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I am studying the Advanced Data Structures material and I'd like to implement the Ordered-file maintenance data structure. I have few questions in order to start.

The papers rely on a static view, where the data structure already contains elements, but I need to start from scratch. The data structure partitions an array of $N$ (circa) elements into chunks of $\log N$ elements, and each chunk is ordered. When inserting, I need to choose a chunk and insert into a blank spot, if I fill the chunk, I need to move and possibly reorder elements based on density in a binary tree fashion.

  • At the beginning how many chunks do I have? I suppose one.

  • When the array is full according to the target density, do I need to grow the array and how? I suppose yes, always by a power of two (number of chunks).

  • Is there a possibility that a tree is impossible to rearrange according to the density? I hope not.

  • Is there any source code that I can take a loot at?

  • When $N$ changes do I need to change the chunk size accordingly? I think so.

Thanks!

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I assume you're talking about maintaining keys, in order, in an $O(N)$-sized array, with $O(\log^2 N)$ amortized worst-case update time.

At the beginning how many chunks do I have? I suppose one.

At the beginning, you will have one chunk. Ordered file maintenance doesn't make sense for very small arrays. Pick a smallish number (like 64 or 1024), and only start this whole chunking method once you grow above this small number. In the small array do something naive, pushing elements around as necessary.

When the array is full according to the target density, do I need to grow the array and how? I suppose yes, always by a power of two (number of chunks).

Yes, you can use standard dynamic array methods, like doubling in size when it gets too large.

Some data structures like to avoid this, as a full rebuild is a really large cost. But this isn't a big deal for us, as this data structure is highly amortized anyway. In other words, you have to do about $\Theta(\log N)$ rebuilds of the entire data structure every $N$ insertions anyway, just to maintain balance. This just adds an extra one.

Is there a possibility that a tree is impossible to rearrange according to the density? I hope not.

No, so long as there aren't too many elements. This is fairly easy to see---so long as you don't have too many elements, you can distribute the elements in the whole array evenly, meeting the density bound of the top array. But the arrays have looser requirements as they go down. So if the top array fits in density (and the elements are distributed evenly), the entire data structure is correctly balanced.

Is there any source code that I can take a loot at?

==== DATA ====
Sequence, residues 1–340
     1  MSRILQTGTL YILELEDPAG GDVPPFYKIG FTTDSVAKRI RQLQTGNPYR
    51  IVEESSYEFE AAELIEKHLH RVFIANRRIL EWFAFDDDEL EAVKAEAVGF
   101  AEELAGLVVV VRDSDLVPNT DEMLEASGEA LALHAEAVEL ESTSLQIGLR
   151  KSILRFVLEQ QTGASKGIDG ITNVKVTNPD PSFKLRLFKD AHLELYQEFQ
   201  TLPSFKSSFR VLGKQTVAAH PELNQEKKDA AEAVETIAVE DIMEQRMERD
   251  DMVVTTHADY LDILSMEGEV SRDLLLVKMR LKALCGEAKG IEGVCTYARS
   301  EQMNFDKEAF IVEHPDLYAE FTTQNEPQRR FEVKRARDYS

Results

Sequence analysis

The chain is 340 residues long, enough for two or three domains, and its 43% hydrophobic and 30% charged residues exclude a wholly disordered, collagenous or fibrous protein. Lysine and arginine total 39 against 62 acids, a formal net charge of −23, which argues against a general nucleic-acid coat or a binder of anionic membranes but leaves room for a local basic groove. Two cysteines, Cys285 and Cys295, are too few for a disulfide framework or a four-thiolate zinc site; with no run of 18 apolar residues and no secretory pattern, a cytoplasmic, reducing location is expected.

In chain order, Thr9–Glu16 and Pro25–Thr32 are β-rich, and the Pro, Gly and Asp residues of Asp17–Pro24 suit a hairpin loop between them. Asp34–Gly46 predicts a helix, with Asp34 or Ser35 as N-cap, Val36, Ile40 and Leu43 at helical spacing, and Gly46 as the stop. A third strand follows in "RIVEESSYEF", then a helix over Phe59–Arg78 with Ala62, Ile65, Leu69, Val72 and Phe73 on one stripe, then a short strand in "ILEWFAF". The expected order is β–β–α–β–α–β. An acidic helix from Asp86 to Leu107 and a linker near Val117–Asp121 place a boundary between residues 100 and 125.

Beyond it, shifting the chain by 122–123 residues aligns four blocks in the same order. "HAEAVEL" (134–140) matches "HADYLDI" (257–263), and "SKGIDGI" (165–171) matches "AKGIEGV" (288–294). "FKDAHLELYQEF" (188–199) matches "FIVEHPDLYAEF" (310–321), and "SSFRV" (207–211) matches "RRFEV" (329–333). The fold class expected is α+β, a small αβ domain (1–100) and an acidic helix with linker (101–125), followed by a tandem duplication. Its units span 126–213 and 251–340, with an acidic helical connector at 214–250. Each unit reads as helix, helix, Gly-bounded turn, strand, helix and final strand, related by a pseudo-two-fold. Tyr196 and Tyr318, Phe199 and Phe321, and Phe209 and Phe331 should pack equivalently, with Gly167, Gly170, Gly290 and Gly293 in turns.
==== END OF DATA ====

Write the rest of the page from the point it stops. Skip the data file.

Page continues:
Yes, here (this was a class project; beyond that I know almost nothing about that code). The author of that code has a nice writeup of the data structure as well. Some more recent academic work on that data structure has experimental results. You may try looking through those as well (though of course, many are variations on the original concept).

When $N$ changes do I need to change the chunk size accordingly? I think so.

It depends on what you mean. Do you mean "when I insert a single element, so $N\gets N+1$, should I update the chunks?" then the answer is no. On the other hand, if you mean "when I run out of room in the data structure, and double its size, rebuilding the entire data structure, should I update the chunks?" then the answer is yes.

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  • $\begingroup$ Is there any possible comparison with hash maps? I suspect that in the long run the creation of new elements with the same hash hampers performances. This DS could perform better, hopefully. $\endgroup$ – senseiwa Feb 18 '16 at 15:00
  • $\begingroup$ True, but $log^2 N$ is pretty bad performance compared to most hash functions. There's a further issue that hash tables generally rely on elements being in a particular position, so you'd have to account for that somehow. $\endgroup$ – SamM Feb 18 '16 at 16:35
  • $\begingroup$ I don't know if I can improve memory footprint and possibly time by employing an OFM. Rehashing is quite bad, cache unfriendly, that's why I started looking for OFM. $\endgroup$ – senseiwa Feb 18 '16 at 17:54
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I believe A sparse table implementation of priority queues

by Alon Itai, Alan G. Konheim, and Michael Rodeh is the source of this method. I haven't read the whole paper, but I believe the reason these details are vaguely described is that more than one method for, eg, expanding the table is given (see pg. 424):

One way to increase the size of the table is by expanding to a table of size nmk+ 1 where n is the number of genuine keys currently in the table. Note that n may be different that n k so that the sequence {nk 0 k ~} no longer plays its former role. Another possibility is to reconfigure when n = n k even if there is no need to do so according to the local densities criterion.

You can find this paper cited in some of Demaine's work which is related, so look through the citation graph.

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  • $\begingroup$ Thanks, I've downloaded some articles, and now I am reading them. However, no source code seems to be in sight... $\endgroup$ – senseiwa Feb 18 '16 at 16:40

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